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(Check out Chris Reed’s The Three Musketeers – Part 2: Milady movie review. It’s in theaters now via Samuel Goldwyn Films.Seen it? Join the conversation with HtN on our Letterboxd Page.)

If you enjoyed French director Martin Bourboulon’s The Three Musketeers – Part I: D’Artagnan, released in the United States last fall, have I got good news for you: its sequel, The Three Musketeers – Part 2: Milady, is now available, both in theaters and online. Picking up exactly where the last film left off (with a brief opening recap to get viewers up to speed), the sequel offers many more skirmishes, and even a full-scale battle, to satisfy everyone’s swashbuckling needs. If the story proves at times distressingly scattered in its focus, that fact barely detracts from the larger pleasures on display.

As the title indicates, this installment focuses more intensely on the mysterious Milady de Winter (Eva Green, Nocebo) than the first one, though without ever revealing too much of her backstory. She’s a pure villain in Alexandre Dumas’ source text, but here she is given additional shades of nuance, allowing her more dimensions than just one. This more modern Milady is also one hell of a physical fighter, at the very least the equal of our protagonists, the four musketeers (that’s three plus D’Artagnan).

The year is 1627 and France is on the edge of a religious civil war, Catholics against Protestants. After Part I’s assassination attempt on Louis XIII (Louis Garrel, Scarlet), everyone is on edge, finding the conspirators their primary objective. D’Artagnan’s love interest, Constance Bonacieux (Lyna Khoudri, Haute Couture) has been kidnapped, presumably because she knows who the responsible parties are, leaving D’Artagnan (François Civil, Rise) bereft and desperate.

The titular three—Aramis (Romain Duris, Eiffel), Athos (Vincent Cassel, Damaged), and Porthos (Pio Marmaï, Yannick)—each have their own additional concerns, frequently intersecting with the primary narrative. We bounce around a lot between the various plot threads, with Milady’s scheming, much of it at the direction of the crafty Cardinal Richelieu (Eric Ruf, My Dog Stupid), providing the energetic backbone for the dramatic events that fill the movie’s almost-two-hour runtime. Bourboulon delivers a wild ride, though the baroque structure this time around proves sometimes confusing. Then again, there is the occasional joke, which always helps.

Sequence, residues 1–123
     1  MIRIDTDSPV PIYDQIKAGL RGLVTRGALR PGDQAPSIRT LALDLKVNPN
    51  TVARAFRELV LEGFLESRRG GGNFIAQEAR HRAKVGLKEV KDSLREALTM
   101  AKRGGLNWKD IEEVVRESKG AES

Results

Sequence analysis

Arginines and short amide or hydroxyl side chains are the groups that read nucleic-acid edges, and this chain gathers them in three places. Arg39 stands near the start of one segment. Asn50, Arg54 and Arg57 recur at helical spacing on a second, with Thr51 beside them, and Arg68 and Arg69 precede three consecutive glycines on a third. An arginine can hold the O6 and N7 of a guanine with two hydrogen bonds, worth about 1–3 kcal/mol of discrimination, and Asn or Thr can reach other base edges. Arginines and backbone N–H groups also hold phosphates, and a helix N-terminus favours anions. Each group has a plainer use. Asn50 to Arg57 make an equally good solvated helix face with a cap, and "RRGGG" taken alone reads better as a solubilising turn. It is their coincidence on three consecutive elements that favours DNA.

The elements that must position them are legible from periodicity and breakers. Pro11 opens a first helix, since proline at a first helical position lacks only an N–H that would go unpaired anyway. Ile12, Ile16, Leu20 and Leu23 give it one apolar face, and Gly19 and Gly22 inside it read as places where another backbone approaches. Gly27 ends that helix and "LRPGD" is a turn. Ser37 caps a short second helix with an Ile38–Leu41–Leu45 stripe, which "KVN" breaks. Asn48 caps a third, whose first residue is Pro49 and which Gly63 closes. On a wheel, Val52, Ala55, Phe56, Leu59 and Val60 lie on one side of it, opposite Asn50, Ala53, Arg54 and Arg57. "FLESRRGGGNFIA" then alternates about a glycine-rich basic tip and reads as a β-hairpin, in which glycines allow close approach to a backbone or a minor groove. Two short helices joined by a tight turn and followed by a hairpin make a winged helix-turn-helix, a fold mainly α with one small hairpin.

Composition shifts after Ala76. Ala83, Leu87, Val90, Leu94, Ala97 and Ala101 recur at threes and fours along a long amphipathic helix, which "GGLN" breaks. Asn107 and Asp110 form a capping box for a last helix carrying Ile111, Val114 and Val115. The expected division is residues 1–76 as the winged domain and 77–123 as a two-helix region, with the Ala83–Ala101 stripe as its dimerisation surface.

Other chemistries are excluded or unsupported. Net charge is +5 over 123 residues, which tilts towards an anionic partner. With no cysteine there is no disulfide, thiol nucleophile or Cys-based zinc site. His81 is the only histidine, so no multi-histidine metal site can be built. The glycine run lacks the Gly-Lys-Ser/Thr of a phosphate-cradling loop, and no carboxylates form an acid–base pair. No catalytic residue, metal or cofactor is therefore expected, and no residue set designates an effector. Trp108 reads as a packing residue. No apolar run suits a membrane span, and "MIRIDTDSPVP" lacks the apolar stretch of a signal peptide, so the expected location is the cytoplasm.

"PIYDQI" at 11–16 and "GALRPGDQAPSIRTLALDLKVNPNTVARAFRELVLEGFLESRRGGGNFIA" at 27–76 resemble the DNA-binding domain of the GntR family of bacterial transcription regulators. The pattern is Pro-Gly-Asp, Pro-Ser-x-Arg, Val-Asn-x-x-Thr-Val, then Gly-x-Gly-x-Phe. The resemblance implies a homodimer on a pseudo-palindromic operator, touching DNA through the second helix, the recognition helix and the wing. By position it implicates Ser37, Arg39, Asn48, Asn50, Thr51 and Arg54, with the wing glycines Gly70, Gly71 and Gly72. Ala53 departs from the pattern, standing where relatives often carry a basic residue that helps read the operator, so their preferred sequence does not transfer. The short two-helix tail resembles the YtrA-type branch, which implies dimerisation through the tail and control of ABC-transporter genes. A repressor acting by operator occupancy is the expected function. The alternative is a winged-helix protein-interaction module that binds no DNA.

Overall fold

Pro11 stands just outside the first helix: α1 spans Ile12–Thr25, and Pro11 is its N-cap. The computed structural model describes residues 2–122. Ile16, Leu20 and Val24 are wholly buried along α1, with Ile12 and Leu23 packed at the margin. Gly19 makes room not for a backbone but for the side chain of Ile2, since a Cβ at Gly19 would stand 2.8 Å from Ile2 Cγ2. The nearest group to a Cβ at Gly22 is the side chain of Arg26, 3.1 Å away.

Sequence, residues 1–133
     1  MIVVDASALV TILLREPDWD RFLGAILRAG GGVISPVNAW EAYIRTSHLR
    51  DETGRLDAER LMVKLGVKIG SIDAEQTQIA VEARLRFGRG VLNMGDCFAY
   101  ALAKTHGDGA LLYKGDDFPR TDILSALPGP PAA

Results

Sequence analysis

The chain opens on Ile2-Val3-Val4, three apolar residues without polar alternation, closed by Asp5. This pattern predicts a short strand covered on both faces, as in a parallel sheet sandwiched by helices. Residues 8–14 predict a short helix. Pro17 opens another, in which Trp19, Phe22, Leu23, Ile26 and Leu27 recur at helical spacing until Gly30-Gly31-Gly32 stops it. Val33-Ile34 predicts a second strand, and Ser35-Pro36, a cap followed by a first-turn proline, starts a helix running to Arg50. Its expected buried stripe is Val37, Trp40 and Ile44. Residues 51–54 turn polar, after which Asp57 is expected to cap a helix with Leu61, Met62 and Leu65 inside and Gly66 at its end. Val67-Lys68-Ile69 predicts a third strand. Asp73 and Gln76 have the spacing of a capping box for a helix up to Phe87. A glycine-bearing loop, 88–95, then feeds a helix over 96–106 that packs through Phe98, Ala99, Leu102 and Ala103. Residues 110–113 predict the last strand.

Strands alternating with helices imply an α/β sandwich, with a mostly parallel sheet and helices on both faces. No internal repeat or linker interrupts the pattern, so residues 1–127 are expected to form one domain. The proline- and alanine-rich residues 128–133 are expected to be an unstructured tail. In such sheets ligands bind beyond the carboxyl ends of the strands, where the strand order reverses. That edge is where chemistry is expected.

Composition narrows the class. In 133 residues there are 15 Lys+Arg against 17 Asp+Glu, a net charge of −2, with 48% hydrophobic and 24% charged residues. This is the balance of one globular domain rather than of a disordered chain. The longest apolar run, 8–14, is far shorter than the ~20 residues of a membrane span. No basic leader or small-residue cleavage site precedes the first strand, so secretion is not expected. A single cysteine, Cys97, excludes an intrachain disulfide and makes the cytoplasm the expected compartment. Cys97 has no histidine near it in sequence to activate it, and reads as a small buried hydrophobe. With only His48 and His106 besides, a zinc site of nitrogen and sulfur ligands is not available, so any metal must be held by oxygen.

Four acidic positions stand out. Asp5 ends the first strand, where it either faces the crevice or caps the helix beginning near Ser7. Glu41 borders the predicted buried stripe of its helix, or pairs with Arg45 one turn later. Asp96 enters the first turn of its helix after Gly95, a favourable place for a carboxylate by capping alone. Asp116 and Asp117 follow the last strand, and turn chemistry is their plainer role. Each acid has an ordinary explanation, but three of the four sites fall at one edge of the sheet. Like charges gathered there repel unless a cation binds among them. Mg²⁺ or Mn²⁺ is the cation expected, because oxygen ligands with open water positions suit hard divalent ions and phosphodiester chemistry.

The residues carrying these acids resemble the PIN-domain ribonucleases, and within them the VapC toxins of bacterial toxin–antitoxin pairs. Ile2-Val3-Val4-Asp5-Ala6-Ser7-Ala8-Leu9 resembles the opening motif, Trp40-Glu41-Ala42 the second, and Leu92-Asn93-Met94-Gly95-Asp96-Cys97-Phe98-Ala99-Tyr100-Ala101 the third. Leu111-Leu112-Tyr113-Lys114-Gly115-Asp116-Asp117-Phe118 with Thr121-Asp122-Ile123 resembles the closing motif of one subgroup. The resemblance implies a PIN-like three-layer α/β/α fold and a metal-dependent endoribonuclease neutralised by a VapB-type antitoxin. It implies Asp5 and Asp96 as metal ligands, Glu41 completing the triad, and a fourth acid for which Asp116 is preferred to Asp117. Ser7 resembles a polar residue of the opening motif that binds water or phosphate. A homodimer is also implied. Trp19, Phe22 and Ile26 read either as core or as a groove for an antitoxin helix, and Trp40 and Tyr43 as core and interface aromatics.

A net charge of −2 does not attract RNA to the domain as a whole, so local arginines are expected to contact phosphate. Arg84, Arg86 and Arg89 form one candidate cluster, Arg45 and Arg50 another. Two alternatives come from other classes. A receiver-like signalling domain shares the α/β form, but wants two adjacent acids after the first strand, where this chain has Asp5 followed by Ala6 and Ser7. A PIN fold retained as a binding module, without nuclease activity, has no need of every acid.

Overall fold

As a tween and teen, I read Dumas with glee and gusto, his Musketeers books and The Count of Monte Cristo a font of enormous entertainment. I was, however, always disturbed by the presentation of Milady as pure evil, especially given the complicity of another major character in contributing to her present state. I am happy to report that although the contours of the story remain more or less the same, Milady is granted more audience sympathy, to the benefit of the adaptation.

Once again, the ensemble is game. Bullets fly, épées slash, and the King and Queen (Vicky Krieps, Hold Me Tight) face threats to their realm. It’s a rollicking good time, given gravitas by the melancholy that emerges from occasional tragedy. If not everything lands with equal clarity, “All for one and one for all” still rings true.

– Christopher Llewellyn Reed (@ChrisReedFilm)

Samuel Goldwyn Films; Martin Bourboulon; The Three Musketeers – Part 2: Milady movie review

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Christopher Llewellyn Reed is a film critic, filmmaker, and educator. A member of both the Online Film Critics Society (OFCS) and the Washington DC Area Film Critics Association (WAFCA) and a Rotten Tomatoes-approved film critic, he is: lead film critic at Hammer to Nail; editor at Film Festival Today; formerly the host of the award-winning Reel Talk with Christopher Llewellyn Reed, from Dragon Digital Media; and the author of Film Editing: Theory and Practice. In addition, he is one of the founders and former cohosts of The Fog of Truth, a podcast devoted to documentary cinema.

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